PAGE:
tampabay.com

Clayton is leader in training

Michael Clayton has won over teammates; he only needed to be reminded of his rookie status once.

By RICK STROUD
Published January 2, 2005


TAMPA - It might have been his only rookie mistake. A few weeks into the season, after the final roster cutdown created a vacancy in the locker next to him, Michael Clayton decided he could use extra space. So he slid his nameplate between both lockers and tossed half a dozen or so pairs of shoes in the abandoned cubicle.

Clayton felt pretty good about his expansion project until Derrick Brooks did a double-take one day while walking by it.

The Bucs captain knows when a first-year player needs to be put in his place. So Brooks emptied Clayton's belongings and taped his own name across the top of the spare locker.

"What rookie thinks he has the right to two lockers?" Brooks later scolded.

"Everyone else has one locker. He thinks if he has two, he's a big shot or something. That was to let him know everyone is still treated the same no matter who you are. You've got to be one of the soldiers in order to get soldiers' respect."

But there is no denying this about Clayton: If he follows Brooks' lead, one day the entire locker room could be his.

The 6-foot-3, 197-pound Clayton leads all rookies with 78 catches for 1,107 yards and six touchdowns. Only four players have more receptions in their first season in league history.

But the 22-year-old is eager to take more of a leadership role among his teammates next season.

"It's all I think about," Clayton said. "That's one of the biggest things, they really took me in. People like Derrick. We clown. We have our serious moments. But it all works out for positive measures for myself because I'm a guy who's going to have to try on his shoes and become on this team what he has been doing."

There are a few young receivers who are as acrobatic, but not many are as charismatic as Clayton.

The 15th overall pick also benefited from his apprenticeship with 17-year veteran receiver Tim Brown. His politeness and personality make him popular among teammates.

But it's production that counts the most in an NFL locker room and Clayton has been surpassed only by maybe Brooks, Ronde Barber, Simeon Rice and Brian Griese in that department.

"I assume Michael Clayton will blossom, not only as a football player, but as a leader and as a guy that will give us, as an offensive football player, a go-to, clutch guy in the clubhouse and between the lines," coach Jon Gruden said. "We are encouraged by what he is and what he is going to do here.

"The leaps and bounds a player makes in his second year, at least the ones I have been around, is tremendous. They understand how it is going to be. They are in different physical condition and they are in different status with their team."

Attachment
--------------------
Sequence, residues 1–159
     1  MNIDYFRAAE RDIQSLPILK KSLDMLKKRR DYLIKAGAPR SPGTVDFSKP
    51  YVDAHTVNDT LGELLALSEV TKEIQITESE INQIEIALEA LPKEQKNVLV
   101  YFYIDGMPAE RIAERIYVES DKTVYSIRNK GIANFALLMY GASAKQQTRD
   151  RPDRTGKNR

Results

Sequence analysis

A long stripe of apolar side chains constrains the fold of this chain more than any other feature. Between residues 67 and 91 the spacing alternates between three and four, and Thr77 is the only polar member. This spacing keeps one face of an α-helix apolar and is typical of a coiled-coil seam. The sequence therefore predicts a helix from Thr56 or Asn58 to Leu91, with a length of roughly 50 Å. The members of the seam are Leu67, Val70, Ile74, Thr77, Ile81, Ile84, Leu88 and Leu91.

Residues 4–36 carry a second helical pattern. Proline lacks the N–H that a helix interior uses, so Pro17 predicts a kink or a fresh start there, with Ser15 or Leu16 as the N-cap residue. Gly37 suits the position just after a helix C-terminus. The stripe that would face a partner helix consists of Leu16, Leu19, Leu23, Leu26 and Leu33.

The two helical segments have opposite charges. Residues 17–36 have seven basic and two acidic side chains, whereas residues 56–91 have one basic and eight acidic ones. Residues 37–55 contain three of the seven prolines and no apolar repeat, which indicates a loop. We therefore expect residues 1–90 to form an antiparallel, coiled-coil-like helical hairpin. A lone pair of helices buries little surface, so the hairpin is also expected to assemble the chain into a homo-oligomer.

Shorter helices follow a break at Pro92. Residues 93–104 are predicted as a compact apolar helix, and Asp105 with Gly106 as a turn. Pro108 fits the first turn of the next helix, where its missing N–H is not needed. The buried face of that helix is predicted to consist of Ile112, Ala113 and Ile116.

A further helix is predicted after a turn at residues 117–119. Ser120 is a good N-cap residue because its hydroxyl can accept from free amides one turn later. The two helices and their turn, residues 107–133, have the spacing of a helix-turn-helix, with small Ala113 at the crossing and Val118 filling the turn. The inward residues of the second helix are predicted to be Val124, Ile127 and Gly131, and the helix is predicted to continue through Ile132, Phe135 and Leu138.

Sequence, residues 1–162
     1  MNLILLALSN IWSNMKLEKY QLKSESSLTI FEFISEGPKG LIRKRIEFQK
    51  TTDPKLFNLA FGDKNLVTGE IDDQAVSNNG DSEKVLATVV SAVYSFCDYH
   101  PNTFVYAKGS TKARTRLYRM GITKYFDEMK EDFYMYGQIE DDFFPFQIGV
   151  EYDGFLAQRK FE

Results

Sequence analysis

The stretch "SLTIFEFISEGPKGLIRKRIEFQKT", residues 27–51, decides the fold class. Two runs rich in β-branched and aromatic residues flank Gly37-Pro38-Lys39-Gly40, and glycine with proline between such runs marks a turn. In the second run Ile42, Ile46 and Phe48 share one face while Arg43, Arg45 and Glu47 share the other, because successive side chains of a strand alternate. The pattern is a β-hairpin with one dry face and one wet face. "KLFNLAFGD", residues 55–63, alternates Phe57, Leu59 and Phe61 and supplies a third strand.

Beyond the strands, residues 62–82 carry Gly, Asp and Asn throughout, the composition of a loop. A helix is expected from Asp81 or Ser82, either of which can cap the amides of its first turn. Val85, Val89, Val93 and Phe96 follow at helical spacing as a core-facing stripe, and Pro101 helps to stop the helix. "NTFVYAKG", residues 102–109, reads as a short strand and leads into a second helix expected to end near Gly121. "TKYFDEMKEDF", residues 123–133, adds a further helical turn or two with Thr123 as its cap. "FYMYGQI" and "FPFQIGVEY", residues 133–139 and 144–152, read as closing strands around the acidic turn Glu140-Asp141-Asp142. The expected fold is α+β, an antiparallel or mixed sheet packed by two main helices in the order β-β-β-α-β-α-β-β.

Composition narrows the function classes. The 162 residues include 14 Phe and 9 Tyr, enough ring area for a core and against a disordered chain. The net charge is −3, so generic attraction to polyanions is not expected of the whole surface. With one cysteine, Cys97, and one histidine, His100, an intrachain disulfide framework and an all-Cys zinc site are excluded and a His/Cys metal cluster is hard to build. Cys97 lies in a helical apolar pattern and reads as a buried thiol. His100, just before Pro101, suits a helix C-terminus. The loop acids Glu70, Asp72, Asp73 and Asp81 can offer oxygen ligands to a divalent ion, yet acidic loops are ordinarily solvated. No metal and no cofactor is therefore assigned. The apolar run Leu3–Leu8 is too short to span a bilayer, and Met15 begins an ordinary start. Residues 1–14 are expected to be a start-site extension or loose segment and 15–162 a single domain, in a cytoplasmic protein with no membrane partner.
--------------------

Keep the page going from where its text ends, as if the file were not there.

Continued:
But Clayton has to be careful. Whereas Brooks had Hardy Nickerson to emulate, the former LSU star is part of an ever-changing cast of receivers. That leaves Clayton to set the bar.

"The first thing is to really forget everything he's done," Brooks said. "Start over. I had somebody at my position that was setting the standard. In his case, no standard has been set at the receiver position. So everything he does, he needs to understand that's going to be the standard and I think that's going to be the challenge that I'm going to have to help him with. I have to make him understand the yards, the catches - all that stuff is minute. It's the details. Lining up correctly. Are you making your teammates better?

"I tell him it's fine if you go out and get 100 catches. But if the next guys gets 20, are you making your teammates better? Are you making that guy want to hold that block when you get the ball? Are you running your route just as hard if somebody else is the primary read? Are you throwing the block to spring somebody else?"

Clayton already has some ideas about what the locker room might have lacked this season.

"I'm not a doctor, I'm not in people's heads; what I do know, from the program I came from, I've learned how to have success," Clayton said. "You talk to teams that have won the Super Bowl or had great accomplishments, they talk about family and how close the team was. You always have camaraderie. That's the common theme in every situation when I've been a winner. Everybody's close, you have to have that to have a championship team."

But as Brooks can attest, that is easier said than done. He knew having so many veteran free agents would make this a tough team to lead in 2004.

"First of all, you've got to get that same respect as a teammate that they had as an opponent," Brooks said. "I have no way of measuring that. I just try to go about my job every day and really try to be the message. I don't really do a lot of talking, I just kind of show them. Now maybe more guys have bought into it than I realize, but it's tough. It is what it is, and I accept it."

Next season, the Bucs will have at least 12 draft picks. Clayton says he can start there. A rookie needs someone to show him the way.

"I lead in certain ways," Clayton said. "The new guys, they come to my house, hang out with me and I bring them along. It's little stuff like that.

"Next year I'll get another opportunity and it will keep increasing as people leave or whatever it may be. My role is going to increase. It's definitely an issue to me to keep things in line. As the seasons go on, like I said, my role is going to increase."